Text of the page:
Here’s a lesson from the 1997 stock crash: don’t panic

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Fact and opinion lesson plan

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On the surface, conditions seem ripe for a repeat of the sell-off two decades ago. But there are some big differences between then and what we are witnessing today. A financial contagion from Wall Street spreads across the Pacific to hammer Asian markets. Regional stocks plummet from Shanghai to Singapore. That was pretty much the story I wrote for The Washington Post in October ofwhen the New York Stock Exchange plunged more than 7 per cent and trading was briefly suspended.

But the essential elements would read pretty much the same for what we saw happening this past week. Regional stocks once again seem in free-fall. And, on the surface, the culprit once again is New York, and the bad news from Wall Street which invariably infects Asian market confidence. But there are big differences between the big October sell-off and what we may be witnessing today. The collapse was precipitated by a full-blown regional economic crisis that began with the collapse of the Thai baht at the beginning of July in Thailand, South Korea and Indonesia all saw their currencies collapse against the dollar, sparking a wave of corporate bankruptcies and unemployment spiralling overnight.

Wall Street was initially immune to the problems across the Pacific, but investors eventually fact and opinion lesson plan spooked. Ordinary people were buying and selling new condos like it was the back room of a Macau casino.

That crisis 21 years ago started in Asia and spread to the US. In Asia, the fundamentals are far stronger — and it is uncertainty in America that is infecting Asian markets. The Asian countries largely learned their lesson from the crisis. They cleaned up their banking system — scores of banks with too many bad loans were forced to close down, fact and opinion lesson plan.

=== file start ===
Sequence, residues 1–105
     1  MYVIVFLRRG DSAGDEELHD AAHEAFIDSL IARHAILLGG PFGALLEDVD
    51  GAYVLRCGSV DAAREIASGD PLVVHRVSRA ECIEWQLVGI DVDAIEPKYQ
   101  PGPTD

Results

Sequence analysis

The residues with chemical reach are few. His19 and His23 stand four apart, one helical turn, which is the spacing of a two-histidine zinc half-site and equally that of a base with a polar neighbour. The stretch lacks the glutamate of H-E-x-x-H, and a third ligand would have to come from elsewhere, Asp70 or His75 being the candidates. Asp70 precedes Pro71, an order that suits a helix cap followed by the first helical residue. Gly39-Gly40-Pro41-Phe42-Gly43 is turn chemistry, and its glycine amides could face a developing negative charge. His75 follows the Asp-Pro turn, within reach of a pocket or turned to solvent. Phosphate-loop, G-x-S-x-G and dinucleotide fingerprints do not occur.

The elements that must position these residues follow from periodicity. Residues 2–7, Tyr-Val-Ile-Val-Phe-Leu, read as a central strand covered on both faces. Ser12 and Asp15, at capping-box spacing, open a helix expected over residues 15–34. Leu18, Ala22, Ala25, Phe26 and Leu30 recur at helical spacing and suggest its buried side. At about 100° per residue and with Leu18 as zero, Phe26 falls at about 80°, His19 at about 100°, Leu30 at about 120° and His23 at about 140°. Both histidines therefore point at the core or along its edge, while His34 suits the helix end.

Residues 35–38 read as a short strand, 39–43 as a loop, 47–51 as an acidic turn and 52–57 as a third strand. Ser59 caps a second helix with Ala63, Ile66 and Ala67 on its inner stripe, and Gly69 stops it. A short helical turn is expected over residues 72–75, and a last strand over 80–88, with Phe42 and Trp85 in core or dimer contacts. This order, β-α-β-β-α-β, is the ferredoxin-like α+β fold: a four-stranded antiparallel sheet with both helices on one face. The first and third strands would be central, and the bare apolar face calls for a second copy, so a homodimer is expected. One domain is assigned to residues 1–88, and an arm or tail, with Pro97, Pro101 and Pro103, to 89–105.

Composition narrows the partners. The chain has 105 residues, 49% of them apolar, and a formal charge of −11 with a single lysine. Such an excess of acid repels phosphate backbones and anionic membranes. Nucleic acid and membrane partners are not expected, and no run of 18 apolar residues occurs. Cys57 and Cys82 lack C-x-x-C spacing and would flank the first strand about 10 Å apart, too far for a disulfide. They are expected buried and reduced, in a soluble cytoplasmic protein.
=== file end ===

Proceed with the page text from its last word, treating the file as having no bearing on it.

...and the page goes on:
Regulatory oversight was improved. More fact and opinion lesson plan, Asian countries that saw their currencies ravaged by speculators learned a lesson about stockpiling foreign exchange to prevent speculative attacks. They began amassing US dollar holdings. And this from the Republican Party that pledged to bring fiscal sanity to Washington.

There are also good signs from the US — wages rising, corporate profits up, fact and opinion lesson plan, unemployment hitting new lows. But in fact and opinion lesson plan reverse irony, good news means the Federal Reserve may raise interest rates to counter inflation.

As the markets continue their volatile up-and-down slide — and at the moment, mostly sliding down — we need to recall one other lesson from the past. Two years after the collapse, all the regional stock markets were hitting new highs. Hong Kong was up 40 per cent, Indonesia was up 64 per cent and South Korea was up 75 per cent. In fact, the financial markets were doing so well in that the warning then was that the countries would start becoming too complacent.

Markets may be overdue for a correction. Investors may be in for a wild ride. But countries should emerge from the carnage even stronger. That happened in Asia after But there are some big differences between then and what are synthroid and euthyrox compatible are witnessing today By Keith B. Traders at the Tokyo Stock Exchange in Wall Street tumbles again.

Opinion Quick Take Keith B. Newsletter Sign-up Asian insights and analysis direct to your inbox. Related topics China Briefing. How will Asia fare?

 

Fact and opinion lesson plan

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